If prevention fails, you may need to take action against slugs and snails that have already infested your cannabis plants. There are some organic methods that you can use to get rid of these pests without harming your plants or the environment, such as:
- Hand-picking: This is the most labor-intensive but effective method of removing slugs and snails from your plants. You will need gloves or tweezers to pick them off one by one during the night or early morning when they are most active. You can then dispose of them by rehoming them far away from your garden or drowning them in salt water.
- Beer traps: Slugs and snails love beer because it contains yeast that attracts them. You can use this weakness against them by setting up beer traps around your plants. Simply fill shallow containers with beer (or yeast mixed with water) and bury them slightly into the soil so that only the rims are exposed. The slugs and snails will crawl into the traps for a drink but won’t be able to get out.
- Nematodes: These are microscopic worms that parasitize slugs and snails by entering their bodies through natural openings. They then release bacteria that kill their hosts within a few days. You can buy nematodes online or at garden centers as a biological control agent for slugs
How to Prevent Slugs and Snails on Cannabis Plants
The best way to deal with slugs and snails is to prevent them from reaching your plants in the first place. There are several ways to deter these pests from your cannabis garden, such as:
- Rehoming: If you find any slugs or snails on your plants or nearby, you can gently pick them up with gloves or tweezers and relocate them to another area where they won’t harm your crop.
- Copper barriers: Slugs and snails don’t like copper because it gives them an electric shock when they touch it. You can use copper tape or wire to create barriers around your pots or beds that will keep them away from your plants.
- Eggshells and diatomaceous earth: These materials have sharp edges that can cut through the soft bodies of slugs and snails, causing them to dehydrate and die. You can sprinkle crushed eggshells or diatomaceous earth around your plants as a natural repellent.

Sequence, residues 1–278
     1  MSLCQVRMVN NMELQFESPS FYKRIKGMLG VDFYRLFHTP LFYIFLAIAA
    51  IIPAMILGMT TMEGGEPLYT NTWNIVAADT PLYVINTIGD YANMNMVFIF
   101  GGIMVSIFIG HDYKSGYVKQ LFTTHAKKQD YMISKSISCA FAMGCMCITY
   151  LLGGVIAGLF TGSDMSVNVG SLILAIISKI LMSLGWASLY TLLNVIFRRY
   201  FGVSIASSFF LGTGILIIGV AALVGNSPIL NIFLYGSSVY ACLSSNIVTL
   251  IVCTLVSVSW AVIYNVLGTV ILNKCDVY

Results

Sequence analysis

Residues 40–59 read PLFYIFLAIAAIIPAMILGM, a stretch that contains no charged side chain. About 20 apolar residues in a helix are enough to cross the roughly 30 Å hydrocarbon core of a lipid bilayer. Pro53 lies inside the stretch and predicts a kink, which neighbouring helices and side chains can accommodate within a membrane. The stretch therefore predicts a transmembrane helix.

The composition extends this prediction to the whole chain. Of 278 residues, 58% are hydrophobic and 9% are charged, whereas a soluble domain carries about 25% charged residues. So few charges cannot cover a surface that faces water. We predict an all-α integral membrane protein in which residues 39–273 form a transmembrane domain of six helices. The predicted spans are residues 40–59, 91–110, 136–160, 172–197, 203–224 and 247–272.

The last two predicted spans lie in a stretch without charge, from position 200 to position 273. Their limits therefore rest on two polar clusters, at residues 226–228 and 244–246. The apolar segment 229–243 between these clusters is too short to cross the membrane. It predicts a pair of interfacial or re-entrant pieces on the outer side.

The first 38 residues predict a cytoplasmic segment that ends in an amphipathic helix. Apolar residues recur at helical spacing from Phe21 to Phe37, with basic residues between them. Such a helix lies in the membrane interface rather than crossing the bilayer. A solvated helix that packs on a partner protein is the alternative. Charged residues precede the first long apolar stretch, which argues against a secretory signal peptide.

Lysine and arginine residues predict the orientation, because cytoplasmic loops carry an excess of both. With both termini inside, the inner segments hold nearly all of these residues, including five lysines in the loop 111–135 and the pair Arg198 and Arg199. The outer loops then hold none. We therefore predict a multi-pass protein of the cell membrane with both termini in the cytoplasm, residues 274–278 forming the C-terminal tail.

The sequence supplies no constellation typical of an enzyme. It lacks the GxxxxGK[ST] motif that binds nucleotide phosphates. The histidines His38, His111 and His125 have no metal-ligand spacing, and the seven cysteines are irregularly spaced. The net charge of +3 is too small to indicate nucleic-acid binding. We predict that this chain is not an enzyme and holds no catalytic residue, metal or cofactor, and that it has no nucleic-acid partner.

- Companion plants: Some plants can help protect your cannabis from slugs and snails by either attracting their predators (such as birds, frogs, or hedgehogs) or by emitting odors that they dislike (such as garlic, mint, or rosemary). You can plant these companions near your cannabis plants for added defense.
14. Spider Mites on weed plants
Spider mites are tiny pests that can wreak havoc on your cannabis plants. They feed on the plant sap, causing yellow or white spots on the leaves, stunted growth, and reduced yields. They also produce webs that can cover your buds and branches, making them unappealing and prone to mold.
If you suspect that your cannabis plants have spider mites, you need to act fast to get rid of them before they multiply and damage your entire crop. Here are some steps you can take to identify and eliminate spider mites from your cannabis garden.
How to Identify Spider Mites
Spider mites are very small and difficult to see with the naked eye because they are very small. They usually live on the underside of the leaves, where they lay their eggs and spin their webs. To spot them, you need a magnifying glass or a microscope. Look for these signs of spider mite infestation:
- Tiny white or yellow spots on the leaves, which are bite marks from the mites
- Small white eggs on the leaf surface or along the leaf veins
- Thin silk webs covering parts of the plant
- Visible mites moving around on the leaves or webs
How to Get Rid of Spider Mites
There are several methods you can use to get rid of spider mites from your cannabis plants. Some are natural and organic, while others involve using chemical pesticides. Here are some options you can try:
- Wash down your plants with a strong jet of water early in the morning. This will dislodge some of the mites and their eggs from the leaves. You can also lower the pH of your water to 3-4 by adding vinegar or citric acid, which will make it more acidic and harmful to the mites.
- Use a contact pesticide spray like insecticidal soap or neem oil. These products kill mites on contact by suffocating them or disrupting their hormonal balance. You need to spray directly on the mites and their eggs, covering both sides of the leaves thoroughly. Repeat every few days until no signs of mites remain.